Powering Britain: a local, low carbon future

Jorge Pikunic

By Jorge Pikunic
Managing Director, Distributed Energy & Power

A collection of essays to mark the tenth anniversary of the Climate Change Act.

To mark the tenth anniversary of the Climate Change Act, Energy UK has published ‘Energy and our Environment’, a collection of essays in which leading figures from both the energy and environmental sectors, offer their perspectives on how the Climate Change Act came into force, its influence on the future of energy and the challenges that lie ahead both for the UK and the rest of the world. 

Here we share the contribution from our Managing Director for Distributed Energy & Power, Jorge Pikunic:

Ten years on, it is easy to forget just how revolutionary the Climate Change Act was. The first legislation of its kind in the world, introducing legally binding emissions reduction targets, establishing the independent Committee on Climate Change to advise government and hold it to account. By putting in law the target of at least a 80% cut in emissions by 2050, government policy sent a signal for a low carbon transformation.

In the last ten years the energy sector has been at the forefront of that transformation. Emissions in the power sector have fallen by almost 60% since the Climate Change Act became law. In April 2017, the UK enjoyed its first coal-free day for the first time since the 1880s.

Attention is now turning to the decarbonisation of mobility, and heating and cooling, both of which bring new challenges and will require considered policy responses. However, it is important to understand that the low carbon transition is taking place in a global revolution for the energy sector, driven by three key trends.

The first is the growth of renewables in response to climate change, which has far outstripped predictions; The second is our customers’ changing attitudes towards energy. People want the ability to take control of how much they pay, how they generate energy and how they store energy - as examples; and the third is availability of technology.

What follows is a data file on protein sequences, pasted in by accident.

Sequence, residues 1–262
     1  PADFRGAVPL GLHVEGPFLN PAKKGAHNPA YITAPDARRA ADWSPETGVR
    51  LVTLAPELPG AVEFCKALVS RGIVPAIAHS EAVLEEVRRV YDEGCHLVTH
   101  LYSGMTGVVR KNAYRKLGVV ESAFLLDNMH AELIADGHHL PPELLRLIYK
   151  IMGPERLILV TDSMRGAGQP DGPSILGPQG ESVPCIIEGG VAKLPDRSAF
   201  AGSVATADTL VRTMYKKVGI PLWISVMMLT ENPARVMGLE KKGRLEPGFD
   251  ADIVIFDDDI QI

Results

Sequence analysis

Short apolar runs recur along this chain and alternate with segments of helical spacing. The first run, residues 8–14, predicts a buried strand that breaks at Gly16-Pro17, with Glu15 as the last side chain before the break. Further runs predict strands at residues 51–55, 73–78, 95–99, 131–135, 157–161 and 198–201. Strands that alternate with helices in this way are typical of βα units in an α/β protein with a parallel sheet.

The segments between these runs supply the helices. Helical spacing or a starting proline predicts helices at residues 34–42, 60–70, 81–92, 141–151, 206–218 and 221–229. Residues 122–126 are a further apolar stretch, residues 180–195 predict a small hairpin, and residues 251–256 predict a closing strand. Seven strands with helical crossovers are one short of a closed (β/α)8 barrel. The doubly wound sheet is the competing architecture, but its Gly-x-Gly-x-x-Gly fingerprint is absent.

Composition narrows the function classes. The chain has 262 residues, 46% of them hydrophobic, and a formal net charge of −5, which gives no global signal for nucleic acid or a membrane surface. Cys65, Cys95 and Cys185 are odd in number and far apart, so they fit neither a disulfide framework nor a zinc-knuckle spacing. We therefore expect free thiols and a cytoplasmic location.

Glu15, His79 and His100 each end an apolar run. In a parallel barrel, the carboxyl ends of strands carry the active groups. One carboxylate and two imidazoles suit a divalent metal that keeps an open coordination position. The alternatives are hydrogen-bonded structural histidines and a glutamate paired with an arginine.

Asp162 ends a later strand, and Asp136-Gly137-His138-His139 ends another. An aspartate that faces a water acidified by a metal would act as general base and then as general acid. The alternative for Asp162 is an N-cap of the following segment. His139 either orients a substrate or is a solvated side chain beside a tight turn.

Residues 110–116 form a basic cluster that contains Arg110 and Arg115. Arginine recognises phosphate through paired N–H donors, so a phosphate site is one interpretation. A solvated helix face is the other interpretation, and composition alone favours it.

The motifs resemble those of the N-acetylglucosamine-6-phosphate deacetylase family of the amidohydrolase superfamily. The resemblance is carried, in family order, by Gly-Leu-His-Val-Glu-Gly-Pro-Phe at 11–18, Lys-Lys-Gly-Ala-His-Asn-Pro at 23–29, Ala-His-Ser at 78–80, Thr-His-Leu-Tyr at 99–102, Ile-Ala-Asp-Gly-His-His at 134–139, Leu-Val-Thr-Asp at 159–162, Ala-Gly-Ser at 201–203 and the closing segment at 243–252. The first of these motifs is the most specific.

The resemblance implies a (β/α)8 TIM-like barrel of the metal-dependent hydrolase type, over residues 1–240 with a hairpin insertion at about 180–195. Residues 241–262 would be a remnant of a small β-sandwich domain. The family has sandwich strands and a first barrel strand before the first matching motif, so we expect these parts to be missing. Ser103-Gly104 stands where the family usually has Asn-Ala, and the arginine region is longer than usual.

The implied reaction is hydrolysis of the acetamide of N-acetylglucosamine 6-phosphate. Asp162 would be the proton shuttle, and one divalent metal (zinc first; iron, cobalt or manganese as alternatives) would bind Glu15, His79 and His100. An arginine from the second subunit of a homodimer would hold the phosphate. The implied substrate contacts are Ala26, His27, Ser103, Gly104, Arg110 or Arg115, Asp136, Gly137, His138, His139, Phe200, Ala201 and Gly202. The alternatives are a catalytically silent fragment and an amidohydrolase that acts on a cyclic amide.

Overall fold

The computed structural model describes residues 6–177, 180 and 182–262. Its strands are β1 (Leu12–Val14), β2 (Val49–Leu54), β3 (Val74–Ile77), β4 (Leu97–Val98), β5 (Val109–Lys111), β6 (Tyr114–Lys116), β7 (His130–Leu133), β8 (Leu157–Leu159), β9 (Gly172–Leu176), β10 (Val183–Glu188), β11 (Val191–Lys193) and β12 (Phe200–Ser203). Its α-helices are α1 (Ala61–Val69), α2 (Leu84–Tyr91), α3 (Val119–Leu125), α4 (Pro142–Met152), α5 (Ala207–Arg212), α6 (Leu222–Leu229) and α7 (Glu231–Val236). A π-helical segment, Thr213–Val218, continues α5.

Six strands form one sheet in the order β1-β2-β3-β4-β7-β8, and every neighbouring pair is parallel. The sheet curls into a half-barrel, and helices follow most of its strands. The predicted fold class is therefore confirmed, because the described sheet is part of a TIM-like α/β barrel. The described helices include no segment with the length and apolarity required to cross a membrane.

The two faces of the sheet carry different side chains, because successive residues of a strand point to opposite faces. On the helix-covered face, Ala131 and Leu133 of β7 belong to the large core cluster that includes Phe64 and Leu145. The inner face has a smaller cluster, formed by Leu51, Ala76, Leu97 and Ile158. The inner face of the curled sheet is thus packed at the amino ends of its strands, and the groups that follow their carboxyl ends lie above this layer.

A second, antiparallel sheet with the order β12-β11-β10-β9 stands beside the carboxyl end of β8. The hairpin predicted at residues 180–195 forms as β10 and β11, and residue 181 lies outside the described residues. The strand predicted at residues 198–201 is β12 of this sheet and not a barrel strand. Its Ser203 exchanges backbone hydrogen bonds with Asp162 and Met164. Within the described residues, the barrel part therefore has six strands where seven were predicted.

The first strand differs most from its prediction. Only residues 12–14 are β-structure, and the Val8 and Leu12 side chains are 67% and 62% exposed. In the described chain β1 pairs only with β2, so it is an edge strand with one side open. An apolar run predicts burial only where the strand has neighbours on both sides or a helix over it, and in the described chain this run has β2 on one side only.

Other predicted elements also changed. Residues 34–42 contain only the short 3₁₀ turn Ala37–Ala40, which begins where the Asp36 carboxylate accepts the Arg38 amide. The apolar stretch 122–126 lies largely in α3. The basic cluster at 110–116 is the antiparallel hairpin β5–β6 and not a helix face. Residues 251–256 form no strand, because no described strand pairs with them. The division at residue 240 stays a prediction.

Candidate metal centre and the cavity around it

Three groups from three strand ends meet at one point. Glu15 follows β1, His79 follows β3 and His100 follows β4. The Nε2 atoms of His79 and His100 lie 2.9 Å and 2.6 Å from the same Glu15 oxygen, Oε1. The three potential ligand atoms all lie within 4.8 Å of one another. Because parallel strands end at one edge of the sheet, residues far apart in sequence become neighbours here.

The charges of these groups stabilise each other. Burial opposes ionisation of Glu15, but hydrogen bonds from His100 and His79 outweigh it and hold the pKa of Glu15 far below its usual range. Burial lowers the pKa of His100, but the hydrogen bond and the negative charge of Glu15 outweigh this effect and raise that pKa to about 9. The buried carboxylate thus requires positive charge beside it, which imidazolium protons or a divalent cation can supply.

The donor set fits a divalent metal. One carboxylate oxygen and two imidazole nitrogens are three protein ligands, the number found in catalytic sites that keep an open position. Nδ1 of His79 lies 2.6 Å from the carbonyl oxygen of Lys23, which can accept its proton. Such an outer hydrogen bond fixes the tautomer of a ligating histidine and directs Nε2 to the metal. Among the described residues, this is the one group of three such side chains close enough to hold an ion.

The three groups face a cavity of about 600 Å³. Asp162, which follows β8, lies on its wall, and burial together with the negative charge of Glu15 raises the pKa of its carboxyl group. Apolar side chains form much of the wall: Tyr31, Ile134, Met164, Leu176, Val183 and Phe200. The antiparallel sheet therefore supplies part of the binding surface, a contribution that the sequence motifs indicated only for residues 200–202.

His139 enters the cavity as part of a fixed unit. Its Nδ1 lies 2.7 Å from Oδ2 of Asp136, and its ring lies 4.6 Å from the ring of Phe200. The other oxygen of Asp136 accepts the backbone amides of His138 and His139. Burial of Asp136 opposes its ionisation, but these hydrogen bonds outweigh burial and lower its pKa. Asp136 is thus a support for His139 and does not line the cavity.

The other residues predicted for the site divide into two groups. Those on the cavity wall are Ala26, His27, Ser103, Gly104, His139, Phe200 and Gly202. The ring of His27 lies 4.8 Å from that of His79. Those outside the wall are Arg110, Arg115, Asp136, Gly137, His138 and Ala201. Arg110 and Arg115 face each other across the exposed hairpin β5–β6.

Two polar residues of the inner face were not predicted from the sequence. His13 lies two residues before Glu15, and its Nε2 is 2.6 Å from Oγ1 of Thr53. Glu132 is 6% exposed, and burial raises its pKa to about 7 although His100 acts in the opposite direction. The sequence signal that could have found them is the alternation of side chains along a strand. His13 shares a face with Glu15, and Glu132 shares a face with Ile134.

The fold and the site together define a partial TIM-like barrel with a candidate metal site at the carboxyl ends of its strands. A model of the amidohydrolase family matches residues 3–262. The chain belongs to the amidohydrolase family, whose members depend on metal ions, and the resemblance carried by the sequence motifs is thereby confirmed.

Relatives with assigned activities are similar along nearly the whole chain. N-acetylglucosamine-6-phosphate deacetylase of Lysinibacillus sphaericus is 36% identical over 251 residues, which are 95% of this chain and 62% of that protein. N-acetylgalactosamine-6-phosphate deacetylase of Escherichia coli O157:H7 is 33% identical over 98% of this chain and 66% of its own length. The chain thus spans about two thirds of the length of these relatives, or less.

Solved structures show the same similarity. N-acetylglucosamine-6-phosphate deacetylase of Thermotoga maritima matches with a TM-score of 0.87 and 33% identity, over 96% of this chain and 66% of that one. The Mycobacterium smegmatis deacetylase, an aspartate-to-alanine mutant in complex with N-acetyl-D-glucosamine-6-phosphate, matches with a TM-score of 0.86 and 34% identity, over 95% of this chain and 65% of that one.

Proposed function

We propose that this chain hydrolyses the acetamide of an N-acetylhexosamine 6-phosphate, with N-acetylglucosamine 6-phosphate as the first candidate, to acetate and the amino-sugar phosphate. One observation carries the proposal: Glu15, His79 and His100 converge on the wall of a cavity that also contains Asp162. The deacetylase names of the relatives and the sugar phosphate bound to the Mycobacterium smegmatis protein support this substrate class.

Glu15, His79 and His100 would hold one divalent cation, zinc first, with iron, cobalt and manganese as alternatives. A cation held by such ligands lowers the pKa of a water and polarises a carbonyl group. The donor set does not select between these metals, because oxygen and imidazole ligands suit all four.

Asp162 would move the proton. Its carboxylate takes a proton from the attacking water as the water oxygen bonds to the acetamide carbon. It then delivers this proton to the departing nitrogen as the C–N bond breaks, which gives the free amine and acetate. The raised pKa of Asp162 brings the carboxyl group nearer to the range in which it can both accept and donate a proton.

New energy technology is enabling customers to generate and store their own electricity in a way that is more affordable than ever before. The growth of digital technology has also been huge and is enabling meaningful insights, including for energy. These global trends have created fundamental changes to the energy system and two areas are particularly interesting.

The first change is the location of energy, which is becoming decentralised as renewable and other distributed technologies are deployed. Large, fossil-fuel power plants that have characterised our energy system for over a century are giving way to smaller, more flexible energy technologies such as renewables and battery storage. The second is the need for flexible power, in a world with far more renewables, far more flexibility is required to maintain the delicate balance of our grid.

As a British company with roots dating back to 1812 this is not the first time that Centrica has seen the energy sector transform. We are at the forefront of this transformation and are working with these current trends to contribute to a decarbonised energy future. Three illustrations from our business exemplify this.

Firstly, we aim to help businesses find better ways of managing their energy, delivering a variety of products from energy insights and optimisation through to comprehensive energy solutions such as on-site generation and battery storage. We can provide businesses with a single view of their energy estate through our digital platform, which enables them to optimise their energy use and open new revenue streams by shifting, reducing or even increasing demand. In addition, our Energy Marketing and Trading business specialises in energy trading for a variety of renewable and low carbon generators, using Big Data to build an accurate picture of energy demand and algorithms to judge weather, predict renewable energy production and optimise utilisation.

Secondly, we are bringing flexibility to the grid through a combination of building our own assets, such as our 49MW Roosecote Battery, and customer projects. Our long-standing relationship with Gateshead Council is a good example of this and has seen the installation of solar PV, CHP and battery storage. These contributions are helping to maximise the generation and utilisation of renewable and low carbon power.

Finally, our pioneering £19m Cornwall Local Energy Market project, part funded by the European Regional Development Fund, is using flexible demand, generation and storage to test how local energy markets could reduce grid constraints and enable connection of renewables. We are developing a virtual marketplace to enable peer to peer trading and access for local energy. The outcome is a glimpse of an energy future that is local, low carbon, and delivers choice.

Ten years on it is fitting to pause, look back, and appreciate how far we have come since the passing of the Climate Change Act. Our sector is looking to the future, and so is Centrica. The challenge posed by decarbonisation continues to motivate us as a company, and has unleashed technological innovation that is transforming the products and services that we offer our customers. Centrica is on track to produce 80% less carbon per unit revenue than we did a decade ago, and enabling other businesses to reduce their emissions. By the time we come to celebrate twenty years of the Climate Change Act, we really will have undergone a transformation.

 

  • Energy and our Environment

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